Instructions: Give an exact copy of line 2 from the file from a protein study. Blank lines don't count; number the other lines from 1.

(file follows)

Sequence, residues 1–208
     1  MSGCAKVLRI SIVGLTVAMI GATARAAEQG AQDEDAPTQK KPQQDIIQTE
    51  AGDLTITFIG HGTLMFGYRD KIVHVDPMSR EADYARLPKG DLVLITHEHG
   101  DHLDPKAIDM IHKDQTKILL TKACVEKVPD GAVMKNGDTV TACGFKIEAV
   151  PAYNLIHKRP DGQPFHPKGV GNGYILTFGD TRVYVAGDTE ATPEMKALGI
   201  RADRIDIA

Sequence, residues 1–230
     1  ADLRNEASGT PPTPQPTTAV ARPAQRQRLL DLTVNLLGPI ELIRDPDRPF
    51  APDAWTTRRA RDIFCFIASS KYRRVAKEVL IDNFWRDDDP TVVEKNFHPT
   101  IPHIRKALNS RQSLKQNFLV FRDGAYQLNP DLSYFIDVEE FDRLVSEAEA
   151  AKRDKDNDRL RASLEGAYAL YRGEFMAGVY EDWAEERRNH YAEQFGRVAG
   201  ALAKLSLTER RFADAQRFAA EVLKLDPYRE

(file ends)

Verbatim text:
     1  MSGCAKVLRI SIVGLTVAMI GATARAAEQG AQDEDAPTQK KPQQDIIQTE